Volume 6, Issue 3
  • ISSN 2215-1931
  • E-ISSN: 2215-194X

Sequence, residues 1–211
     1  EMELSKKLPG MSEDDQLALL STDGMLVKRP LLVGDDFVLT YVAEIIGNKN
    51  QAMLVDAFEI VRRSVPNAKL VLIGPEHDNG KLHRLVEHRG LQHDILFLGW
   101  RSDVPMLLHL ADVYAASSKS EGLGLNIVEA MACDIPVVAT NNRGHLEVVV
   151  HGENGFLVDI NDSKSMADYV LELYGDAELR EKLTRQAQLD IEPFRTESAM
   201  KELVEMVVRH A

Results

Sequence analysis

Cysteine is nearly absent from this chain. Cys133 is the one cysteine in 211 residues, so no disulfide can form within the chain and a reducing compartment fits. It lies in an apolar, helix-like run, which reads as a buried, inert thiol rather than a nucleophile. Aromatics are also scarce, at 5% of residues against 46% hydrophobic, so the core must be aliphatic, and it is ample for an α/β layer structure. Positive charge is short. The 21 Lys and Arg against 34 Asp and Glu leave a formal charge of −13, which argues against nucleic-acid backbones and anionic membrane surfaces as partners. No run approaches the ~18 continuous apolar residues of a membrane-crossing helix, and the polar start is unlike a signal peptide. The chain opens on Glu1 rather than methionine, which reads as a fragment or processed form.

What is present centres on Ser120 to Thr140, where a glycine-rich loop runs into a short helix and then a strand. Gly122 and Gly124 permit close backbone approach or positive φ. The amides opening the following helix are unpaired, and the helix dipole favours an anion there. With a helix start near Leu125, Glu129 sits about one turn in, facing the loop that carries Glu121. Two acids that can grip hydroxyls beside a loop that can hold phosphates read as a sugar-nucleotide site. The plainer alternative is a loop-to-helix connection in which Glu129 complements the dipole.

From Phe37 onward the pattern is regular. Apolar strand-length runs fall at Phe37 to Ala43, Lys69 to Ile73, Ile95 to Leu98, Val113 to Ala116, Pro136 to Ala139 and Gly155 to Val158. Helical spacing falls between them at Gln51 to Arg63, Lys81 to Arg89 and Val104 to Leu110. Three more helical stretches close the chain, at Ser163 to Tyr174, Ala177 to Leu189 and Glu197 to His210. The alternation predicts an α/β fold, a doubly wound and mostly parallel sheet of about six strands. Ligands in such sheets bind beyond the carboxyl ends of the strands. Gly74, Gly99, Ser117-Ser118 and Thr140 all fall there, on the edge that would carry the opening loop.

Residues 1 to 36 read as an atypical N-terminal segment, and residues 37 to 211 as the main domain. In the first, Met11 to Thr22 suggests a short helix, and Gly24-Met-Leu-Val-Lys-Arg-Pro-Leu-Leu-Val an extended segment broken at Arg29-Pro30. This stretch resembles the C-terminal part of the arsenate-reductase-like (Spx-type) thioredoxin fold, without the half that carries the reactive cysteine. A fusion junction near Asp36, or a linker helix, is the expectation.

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Levis (2005) named two conflicting approaches to pronunciation teaching, the Nativeness Principle and the Intelligibility Principle. This paper revisits those two principles to argue for the superiority of the Intelligibility Principle in regard to where pronunciation fits within the wider field of language teaching, in how it effectively addresses teaching goals, in how it best addresses all contexts of L2 pronunciation learning, and in how it recognizes the reality of social consequences of pronunciation differences. In contrast, the Nativeness Principle, despite its long pedigree and many defenders, falls short by advocating native pronunciation for L2 learners, which is both unlikely to be achieved and unnecessary for effective communication in the L2.


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